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blood and flesh and muscle, and even skin are wanting. But it is at least but fair to inquire how far the promise made has been carried out. The elaborate wordings of the constitutions made by the French politicians in the days of their great revolution have always been to us no more than so many written grimaces; but we should not have continued so to regard them had the political liberty which they promised followed upon the promises so magniloquently made. As regards education in the States, ---at any rate in the northern and western States,—I think that the assurances put forth in the various written constitutions have been kept. If this be so, an American citizen, let him be ever so arrogant, ever so impudent if you will, is at any rate a civilized being and on the road to that cultivation which will sooner or later divest him of his arrogance. Emollit mores. We quote here our old friend the colonel again. If a gentleman be compelled to confine his classical allusions to one quotation, he cannot do better than hang by that.

But has education been so general, and has it had the desired result? In the city of Boston, as I have said, I found that in 1857 about one-eighth of the whole population were then on the books of the free public schools as pupils, and that about one-ninth of the population formed the average daily attendance. To these numbers of course must be added all pupils of the richer classes, those for whose education their parents chose to pay. As nearly as I can learn, the average duration of each pupil's schooling is six years, and if this be figured out statistically, I think it will show that education in Boston reaches a very large majority-I must almost say the whole—of the population. That the education given in other towns of Massachusetts is not so good as that given in Boston I do not doubt, but I have reason to believe that it is quite as general.

I have spoken of one of the schools of New York. In that city the public schools are apportioned to the wards, and are so arranged that in each ward of the city there are public schools of different standing for the gratuitous use of the children. The population of the city of New York in 1857 was about 650,000, and in that year it is stated that there were 135,000 pupils in the schools. By this it would appear that one person in five throughout the city was then under process of education, which statement, however, I cannot receive with implicit credence. It is, however, also stated that the daily attendances averaged something less than 50,000 a day-and this latter statement probably implies some mistake in the former one. Taking the two together for

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what they are worth, they show, I think, that school teaching is not only brought within the reach of the population generally, but is used by almost all classes. At New York there are separate free schools for coloured children. At Philadelphia I did not see the schools, but I was assured that the arrangements there were equal to those at New York and Boston. Indeed I was told that they were infinitely better ; - but then I was so told by a Philadelphian. In the State of Connecticut the public schools are certainly equal to those in any part of the Union. As far as I could learn, education – what we should call advanced education -- is. brought within the reach of all classes in the northern and western States of America,--and, I would wish to add here, to those of the Canadas also.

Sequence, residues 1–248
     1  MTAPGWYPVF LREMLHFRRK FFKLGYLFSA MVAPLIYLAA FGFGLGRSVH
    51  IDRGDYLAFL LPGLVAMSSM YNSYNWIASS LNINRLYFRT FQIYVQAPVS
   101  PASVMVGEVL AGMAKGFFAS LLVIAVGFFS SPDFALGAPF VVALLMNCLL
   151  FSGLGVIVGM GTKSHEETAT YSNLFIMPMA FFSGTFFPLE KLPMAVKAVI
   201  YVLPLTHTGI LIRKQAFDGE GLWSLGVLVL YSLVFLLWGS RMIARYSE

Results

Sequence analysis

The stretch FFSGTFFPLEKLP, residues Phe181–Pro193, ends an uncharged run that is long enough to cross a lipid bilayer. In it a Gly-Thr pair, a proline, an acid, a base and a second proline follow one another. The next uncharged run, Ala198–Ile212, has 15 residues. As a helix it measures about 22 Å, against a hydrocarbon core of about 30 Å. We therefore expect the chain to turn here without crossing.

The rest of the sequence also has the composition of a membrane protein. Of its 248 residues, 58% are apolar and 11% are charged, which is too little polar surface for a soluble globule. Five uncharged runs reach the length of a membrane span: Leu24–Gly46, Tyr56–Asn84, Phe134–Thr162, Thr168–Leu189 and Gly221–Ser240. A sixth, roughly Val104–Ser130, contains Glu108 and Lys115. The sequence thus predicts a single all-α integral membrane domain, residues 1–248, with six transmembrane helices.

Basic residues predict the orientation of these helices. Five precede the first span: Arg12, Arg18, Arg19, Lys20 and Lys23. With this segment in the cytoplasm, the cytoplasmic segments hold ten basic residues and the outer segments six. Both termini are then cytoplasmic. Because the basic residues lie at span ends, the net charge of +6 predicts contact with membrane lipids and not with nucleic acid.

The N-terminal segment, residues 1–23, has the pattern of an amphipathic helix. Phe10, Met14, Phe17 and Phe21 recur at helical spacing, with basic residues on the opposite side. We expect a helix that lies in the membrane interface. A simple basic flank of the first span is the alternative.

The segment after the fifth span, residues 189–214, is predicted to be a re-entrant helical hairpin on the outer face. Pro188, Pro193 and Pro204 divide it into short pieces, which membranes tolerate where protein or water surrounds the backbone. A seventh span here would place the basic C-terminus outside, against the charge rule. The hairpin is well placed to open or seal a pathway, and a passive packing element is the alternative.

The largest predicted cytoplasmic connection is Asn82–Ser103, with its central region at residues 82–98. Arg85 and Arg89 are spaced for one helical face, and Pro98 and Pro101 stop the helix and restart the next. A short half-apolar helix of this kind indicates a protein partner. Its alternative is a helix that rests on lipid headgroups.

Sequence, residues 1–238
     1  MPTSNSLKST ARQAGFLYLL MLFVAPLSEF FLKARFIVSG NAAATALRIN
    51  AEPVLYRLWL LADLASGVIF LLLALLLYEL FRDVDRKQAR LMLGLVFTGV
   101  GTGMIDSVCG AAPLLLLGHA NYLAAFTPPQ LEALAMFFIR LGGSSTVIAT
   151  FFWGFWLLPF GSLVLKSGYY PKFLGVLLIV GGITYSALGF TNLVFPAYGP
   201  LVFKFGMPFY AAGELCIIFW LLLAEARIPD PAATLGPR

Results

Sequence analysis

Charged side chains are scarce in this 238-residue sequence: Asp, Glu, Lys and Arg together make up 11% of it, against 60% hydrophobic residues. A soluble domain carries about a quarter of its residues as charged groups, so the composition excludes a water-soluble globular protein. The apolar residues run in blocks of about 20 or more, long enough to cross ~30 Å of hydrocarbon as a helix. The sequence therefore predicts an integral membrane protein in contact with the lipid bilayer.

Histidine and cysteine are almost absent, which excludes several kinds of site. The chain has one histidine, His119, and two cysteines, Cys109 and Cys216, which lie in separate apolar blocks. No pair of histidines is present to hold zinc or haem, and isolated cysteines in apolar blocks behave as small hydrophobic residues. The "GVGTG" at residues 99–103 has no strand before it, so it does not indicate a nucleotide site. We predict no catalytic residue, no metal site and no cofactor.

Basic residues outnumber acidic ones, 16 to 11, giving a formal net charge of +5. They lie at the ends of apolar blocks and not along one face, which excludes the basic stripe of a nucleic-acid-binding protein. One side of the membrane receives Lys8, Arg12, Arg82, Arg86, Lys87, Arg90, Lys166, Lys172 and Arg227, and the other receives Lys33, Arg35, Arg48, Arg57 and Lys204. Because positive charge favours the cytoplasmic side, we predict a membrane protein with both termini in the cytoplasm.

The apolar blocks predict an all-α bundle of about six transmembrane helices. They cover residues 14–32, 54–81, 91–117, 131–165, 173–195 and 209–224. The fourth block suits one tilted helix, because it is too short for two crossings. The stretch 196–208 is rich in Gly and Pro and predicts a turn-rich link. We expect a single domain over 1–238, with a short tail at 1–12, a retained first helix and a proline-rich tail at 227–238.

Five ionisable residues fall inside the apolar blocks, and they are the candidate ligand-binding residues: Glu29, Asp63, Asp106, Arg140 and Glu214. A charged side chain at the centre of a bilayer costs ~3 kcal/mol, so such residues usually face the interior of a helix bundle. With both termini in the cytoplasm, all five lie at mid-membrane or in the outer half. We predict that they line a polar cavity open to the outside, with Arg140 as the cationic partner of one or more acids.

So much for the schools, and now for the results. I do not know that anything impresses a visitor more strongly with the amount of books sold in the States, than the practice of selling them as it has been adopted in the railway cars. Personally the traveller will find the system very disagreeable,-as is everything connected with these cars. A young man enters during the journey,--for the trade is carried out while the cars are travelling, as is also a very brisk trade in lollipops, sugar-candy, apples, and ham sandwiches,—the young tradesman enters the car firstly with a pile of magazines or of novels bound like magazines. These are chiefly the Atlantic, published at Boston, Harper's Magazine, published at New York, and a cheap series of novels published at Philadelphia. As he walks along he flings one at every passenger. An Englishman, when he is first introduced to this manner of trade, becomes much astonished. He is probably reading, and on a sudden he finds a fat, fluffy magazine, very unattractive in its exterior, dropped on to the page he is perusing. I thought at first that it was a present from some crazed philanthropist, who was thus endeavouring to disseminate literature. But I was soon undeceived. The bookseller, having gone down the whole car and the next, returned, and beginning again where he had begun before, picked up either his magazine or else the price of it. Then, in some half-hour, he came again, with an armful or basket of books, and distributed them in the same way. They were generally novels, but not always. I do not think that any endeavour is made to assimilate the book to the expected customer. The object is to bring the book and the man together, and in this way a very large sale is effected. The same thing is done with illustrated newspapers. The sale of political newspapers goes on so quickly in these cars that no such enforced distribution is neces